Weiss: I came into my own political awareness in the 1990s with Bill Clinton adviser James Carville and George Bush aide Mary Matalin, who had a kind of traveling strange-bedfellows road show. Knowing their shtick always made me wonder whether the Conways were just putting on an act — whether they were kicking back at the end of the day with a martini and clinking their glasses together and saying, “Good for us.”
Safer: It’s so hard to know, when people are on TV, what the hell are they really about? But I think what you look at is the interaction between people, not about politics, how they talk to each other. [My husband and I] have done a fair amount of TV on this topic — like, how can you stand each other? — and somebody saw one of the programs and used it to teach people how to shut up and let the other person talk. They said, “Look how she says something, and look how he listens and doesn’t interrupt.” I thought that was the biggest compliment I ever got.
Weiss: Isn’t it mutually beneficial for the Conways, in some ways, to have this public dispute? They get more attention because of the marital intrigue, beyond just the substance of an op-ed.
Safer: I don’t like to listen to people fight that way. But I’m in the minority.
Weiss: Political fighting is kind of entertainment in our culture.
Safer: It is. The point is, if you’re trying to have a conversation with somebody who you know disagrees with you, you have to be actually interested in what they have to say, not in changing their mind. Changing a person’s mind — you may as well shoot yourself, you’re never going to accomplish it. Never, ever, ever. And we need that to be our premise.
Weiss: When Carville and Matalin were very much in the public eye, they seemed to be having fun.
Safer: If you can do that and you both are hams like that and you’re comfortable in the media, go to it. That’s fine. I don’t think there was a lot of real understanding that came across. I don’t think anybody learned anything from listening to [Carville and Matalin] fight.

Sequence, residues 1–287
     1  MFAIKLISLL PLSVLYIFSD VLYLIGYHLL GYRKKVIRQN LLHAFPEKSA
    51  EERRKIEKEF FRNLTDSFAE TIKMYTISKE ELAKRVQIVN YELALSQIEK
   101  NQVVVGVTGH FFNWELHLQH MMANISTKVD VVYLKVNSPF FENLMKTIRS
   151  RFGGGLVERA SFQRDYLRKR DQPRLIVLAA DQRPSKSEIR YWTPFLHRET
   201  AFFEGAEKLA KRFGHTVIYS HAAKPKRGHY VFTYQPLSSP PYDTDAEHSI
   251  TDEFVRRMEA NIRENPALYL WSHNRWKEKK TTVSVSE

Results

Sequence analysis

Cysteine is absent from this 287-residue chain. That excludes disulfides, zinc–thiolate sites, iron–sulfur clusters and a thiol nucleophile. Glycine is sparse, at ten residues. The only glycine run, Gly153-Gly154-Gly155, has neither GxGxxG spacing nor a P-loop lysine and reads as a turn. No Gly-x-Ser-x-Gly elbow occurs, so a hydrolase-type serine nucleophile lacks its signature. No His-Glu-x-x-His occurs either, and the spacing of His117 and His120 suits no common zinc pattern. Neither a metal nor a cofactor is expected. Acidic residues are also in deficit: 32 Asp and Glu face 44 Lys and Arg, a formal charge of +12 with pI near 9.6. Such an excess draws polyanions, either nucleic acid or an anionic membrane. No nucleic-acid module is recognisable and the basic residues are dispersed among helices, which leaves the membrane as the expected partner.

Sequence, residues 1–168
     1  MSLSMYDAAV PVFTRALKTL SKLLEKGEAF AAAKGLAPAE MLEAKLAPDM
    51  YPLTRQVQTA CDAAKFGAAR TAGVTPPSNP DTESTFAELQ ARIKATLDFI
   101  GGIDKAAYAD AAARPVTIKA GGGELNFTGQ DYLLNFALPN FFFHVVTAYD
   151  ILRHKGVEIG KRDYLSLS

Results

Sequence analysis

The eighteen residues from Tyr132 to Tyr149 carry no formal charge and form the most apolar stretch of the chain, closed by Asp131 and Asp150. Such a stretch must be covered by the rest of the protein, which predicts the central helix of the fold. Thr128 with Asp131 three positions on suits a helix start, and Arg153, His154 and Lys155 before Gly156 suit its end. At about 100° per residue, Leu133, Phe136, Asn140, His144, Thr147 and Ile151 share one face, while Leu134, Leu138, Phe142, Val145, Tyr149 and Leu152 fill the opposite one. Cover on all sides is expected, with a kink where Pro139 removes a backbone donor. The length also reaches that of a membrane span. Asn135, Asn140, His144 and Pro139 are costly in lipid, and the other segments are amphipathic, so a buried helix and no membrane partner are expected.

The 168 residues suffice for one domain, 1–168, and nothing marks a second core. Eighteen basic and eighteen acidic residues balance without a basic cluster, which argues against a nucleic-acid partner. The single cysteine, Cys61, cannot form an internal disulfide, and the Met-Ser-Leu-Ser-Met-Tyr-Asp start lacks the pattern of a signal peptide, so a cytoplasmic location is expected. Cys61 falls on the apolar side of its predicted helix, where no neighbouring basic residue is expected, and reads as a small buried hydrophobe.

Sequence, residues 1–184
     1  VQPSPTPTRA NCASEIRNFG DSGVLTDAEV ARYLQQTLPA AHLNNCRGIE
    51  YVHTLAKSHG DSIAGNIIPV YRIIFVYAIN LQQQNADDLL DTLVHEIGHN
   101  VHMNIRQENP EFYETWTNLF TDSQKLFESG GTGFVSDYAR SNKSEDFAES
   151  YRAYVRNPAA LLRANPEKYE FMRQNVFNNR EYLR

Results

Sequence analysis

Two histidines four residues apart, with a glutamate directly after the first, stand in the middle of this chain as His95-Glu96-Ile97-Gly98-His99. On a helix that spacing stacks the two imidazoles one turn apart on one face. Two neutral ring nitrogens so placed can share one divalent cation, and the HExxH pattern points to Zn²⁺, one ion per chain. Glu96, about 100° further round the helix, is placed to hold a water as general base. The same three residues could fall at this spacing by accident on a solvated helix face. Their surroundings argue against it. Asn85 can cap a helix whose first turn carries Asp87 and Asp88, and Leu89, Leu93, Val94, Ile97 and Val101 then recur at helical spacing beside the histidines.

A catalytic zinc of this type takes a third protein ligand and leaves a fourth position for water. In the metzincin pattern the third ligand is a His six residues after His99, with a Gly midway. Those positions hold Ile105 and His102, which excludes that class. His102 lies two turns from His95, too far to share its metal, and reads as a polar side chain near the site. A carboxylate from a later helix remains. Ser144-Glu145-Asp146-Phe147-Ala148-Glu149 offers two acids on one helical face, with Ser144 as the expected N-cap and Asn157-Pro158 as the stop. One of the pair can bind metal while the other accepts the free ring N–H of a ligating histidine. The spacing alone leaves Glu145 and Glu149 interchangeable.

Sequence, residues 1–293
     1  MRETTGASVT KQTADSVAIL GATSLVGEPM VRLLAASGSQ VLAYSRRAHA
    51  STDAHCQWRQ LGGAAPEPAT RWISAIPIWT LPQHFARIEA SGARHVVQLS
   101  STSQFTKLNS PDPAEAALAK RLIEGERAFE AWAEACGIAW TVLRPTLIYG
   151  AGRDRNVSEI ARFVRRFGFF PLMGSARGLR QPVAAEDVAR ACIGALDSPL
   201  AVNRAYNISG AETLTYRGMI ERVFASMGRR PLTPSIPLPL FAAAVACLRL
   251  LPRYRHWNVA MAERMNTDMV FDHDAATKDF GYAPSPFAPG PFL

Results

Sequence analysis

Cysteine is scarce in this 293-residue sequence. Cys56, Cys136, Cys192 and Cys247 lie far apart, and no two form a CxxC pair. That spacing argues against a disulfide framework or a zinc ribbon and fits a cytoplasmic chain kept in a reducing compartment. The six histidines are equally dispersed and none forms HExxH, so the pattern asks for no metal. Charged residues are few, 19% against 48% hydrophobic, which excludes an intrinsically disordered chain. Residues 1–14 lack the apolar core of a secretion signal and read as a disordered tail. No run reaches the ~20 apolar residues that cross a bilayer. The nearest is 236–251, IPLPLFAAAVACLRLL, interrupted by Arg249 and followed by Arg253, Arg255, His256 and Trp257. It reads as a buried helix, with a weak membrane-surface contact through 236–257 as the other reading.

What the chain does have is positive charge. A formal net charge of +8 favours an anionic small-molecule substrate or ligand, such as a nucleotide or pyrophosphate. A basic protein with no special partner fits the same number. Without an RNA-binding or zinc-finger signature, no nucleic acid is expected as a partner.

Weiss: Did you expect that your political differences would be a challenge in your own marriage?
Safer: By my telling you how we met, you’ll understand the rest. We met in a group in New York City that sings Renaissance religious music on street corners. Neither of us is religious, but we’re both singers. I was in it for seven years and at some point, Rick joined. He had a wonderful voice and lovely blue eyes. He was six feet tall. He was William F. Buckley’s protégé. We’ve been married for 42 years.
Weiss: Wow. It’s working.
Safer: My parents, I don’t think, ever voted for the same person. My father was a Republican, my mother was a Democrat. And they talked about politics, but they didn’t come to blows about it.
Weiss: So why doesn’t that happen anymore?
Safer: I think politics has, at this point, almost completely taken the role of religion.
Weiss: Meaning that today, your political beliefs are articles of faith for you.
Safer: Yeah. And that makes it much more dangerous to try to have an argument with somebody about it because you’re talking about their core beliefs. So I tread very, very lightly.